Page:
Recent moral and financial collapse of high profile organizations around the world led the business community, the popular and business press, and researchers to rediscover the worthiness of organizations' virtues. Aiming to contribute to this momentum, this empirical study investigates how perceptions of organizational virtuousness (OV) predict affective well-being (AWB) and affective commitment (AC). Two hundred five individuals participate. The findings show that perceptions of OV predict AC both directly and through the mediating role of AWB. The study suggests that fostering organizational virtuousness (e.g., through honesty, interpersonal respect, and compassion; combining high standards of performance with a culture of forgiveness and learning from mistakes) improves employees' AWB and promotes a more committed workforce. Considering these findings and mirroring the growing contributions of the positive psychology, positive organizational behavior, and positive organizational scholarship movements, the study suggests that a "positive-people-management" perspective should be considered, both by practitioners and scholars.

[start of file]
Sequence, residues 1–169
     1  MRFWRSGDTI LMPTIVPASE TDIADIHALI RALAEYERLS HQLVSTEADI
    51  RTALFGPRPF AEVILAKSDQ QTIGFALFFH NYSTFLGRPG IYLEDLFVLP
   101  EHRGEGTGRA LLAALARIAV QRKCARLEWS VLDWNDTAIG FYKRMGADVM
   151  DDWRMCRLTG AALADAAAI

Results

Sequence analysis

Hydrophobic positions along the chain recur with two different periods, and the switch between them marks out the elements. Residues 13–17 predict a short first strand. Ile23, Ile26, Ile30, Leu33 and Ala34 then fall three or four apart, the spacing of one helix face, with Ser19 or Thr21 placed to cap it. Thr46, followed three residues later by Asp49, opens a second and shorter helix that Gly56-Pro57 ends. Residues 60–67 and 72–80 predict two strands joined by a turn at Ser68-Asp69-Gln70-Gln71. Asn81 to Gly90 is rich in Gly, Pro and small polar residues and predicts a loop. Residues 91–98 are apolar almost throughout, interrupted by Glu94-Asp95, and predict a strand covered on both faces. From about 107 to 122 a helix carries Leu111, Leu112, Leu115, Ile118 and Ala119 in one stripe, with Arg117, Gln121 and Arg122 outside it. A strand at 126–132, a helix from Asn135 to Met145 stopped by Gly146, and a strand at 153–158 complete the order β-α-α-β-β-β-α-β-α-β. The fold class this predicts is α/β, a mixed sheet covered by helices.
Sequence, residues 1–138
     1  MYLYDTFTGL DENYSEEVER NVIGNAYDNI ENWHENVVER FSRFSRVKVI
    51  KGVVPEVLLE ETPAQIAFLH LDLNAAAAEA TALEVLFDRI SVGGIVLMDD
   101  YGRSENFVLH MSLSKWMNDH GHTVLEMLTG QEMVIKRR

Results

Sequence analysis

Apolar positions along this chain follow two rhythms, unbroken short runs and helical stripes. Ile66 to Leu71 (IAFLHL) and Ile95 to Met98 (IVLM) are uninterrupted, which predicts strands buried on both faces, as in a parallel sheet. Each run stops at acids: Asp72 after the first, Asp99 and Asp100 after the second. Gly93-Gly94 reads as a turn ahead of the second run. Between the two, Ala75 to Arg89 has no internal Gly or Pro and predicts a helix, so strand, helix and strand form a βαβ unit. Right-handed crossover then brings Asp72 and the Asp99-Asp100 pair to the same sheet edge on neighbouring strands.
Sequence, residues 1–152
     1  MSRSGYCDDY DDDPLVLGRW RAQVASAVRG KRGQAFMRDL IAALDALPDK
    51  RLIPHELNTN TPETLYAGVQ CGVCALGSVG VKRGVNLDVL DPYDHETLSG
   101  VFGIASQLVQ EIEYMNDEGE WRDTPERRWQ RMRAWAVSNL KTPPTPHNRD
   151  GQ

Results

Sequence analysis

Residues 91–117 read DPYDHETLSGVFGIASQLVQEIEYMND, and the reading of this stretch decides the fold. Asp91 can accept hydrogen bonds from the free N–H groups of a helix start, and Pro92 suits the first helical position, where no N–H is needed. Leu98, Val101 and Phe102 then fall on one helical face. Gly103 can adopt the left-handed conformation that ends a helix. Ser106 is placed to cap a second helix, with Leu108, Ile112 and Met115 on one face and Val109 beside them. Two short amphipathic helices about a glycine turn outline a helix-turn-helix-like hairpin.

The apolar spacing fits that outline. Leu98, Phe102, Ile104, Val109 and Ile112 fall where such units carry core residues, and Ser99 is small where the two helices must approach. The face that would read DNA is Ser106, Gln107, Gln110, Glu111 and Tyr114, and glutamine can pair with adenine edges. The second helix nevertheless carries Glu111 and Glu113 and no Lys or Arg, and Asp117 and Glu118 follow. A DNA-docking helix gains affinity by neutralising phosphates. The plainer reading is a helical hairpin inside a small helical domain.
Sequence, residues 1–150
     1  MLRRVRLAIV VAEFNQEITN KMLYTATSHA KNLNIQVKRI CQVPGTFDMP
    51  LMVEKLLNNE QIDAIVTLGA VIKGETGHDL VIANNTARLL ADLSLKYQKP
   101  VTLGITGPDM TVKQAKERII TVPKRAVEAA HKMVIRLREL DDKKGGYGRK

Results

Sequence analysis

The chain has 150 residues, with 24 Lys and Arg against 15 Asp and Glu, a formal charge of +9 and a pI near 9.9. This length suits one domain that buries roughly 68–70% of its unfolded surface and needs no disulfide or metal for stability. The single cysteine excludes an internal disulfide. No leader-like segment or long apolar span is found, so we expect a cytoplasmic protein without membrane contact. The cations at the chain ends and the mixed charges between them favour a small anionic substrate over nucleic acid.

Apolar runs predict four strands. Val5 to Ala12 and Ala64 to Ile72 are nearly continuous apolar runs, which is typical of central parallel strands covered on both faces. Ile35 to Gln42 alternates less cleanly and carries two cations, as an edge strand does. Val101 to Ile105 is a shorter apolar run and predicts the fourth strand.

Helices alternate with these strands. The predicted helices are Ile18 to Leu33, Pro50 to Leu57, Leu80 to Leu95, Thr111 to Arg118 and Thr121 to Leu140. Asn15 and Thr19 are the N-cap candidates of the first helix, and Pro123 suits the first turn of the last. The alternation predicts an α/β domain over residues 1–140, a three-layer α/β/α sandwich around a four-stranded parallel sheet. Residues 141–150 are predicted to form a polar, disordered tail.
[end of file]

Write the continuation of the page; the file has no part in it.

- Affective commitment
- Affective well-being
- Organizational virtuousness
- Positive-people-management perspective
- Psychological climate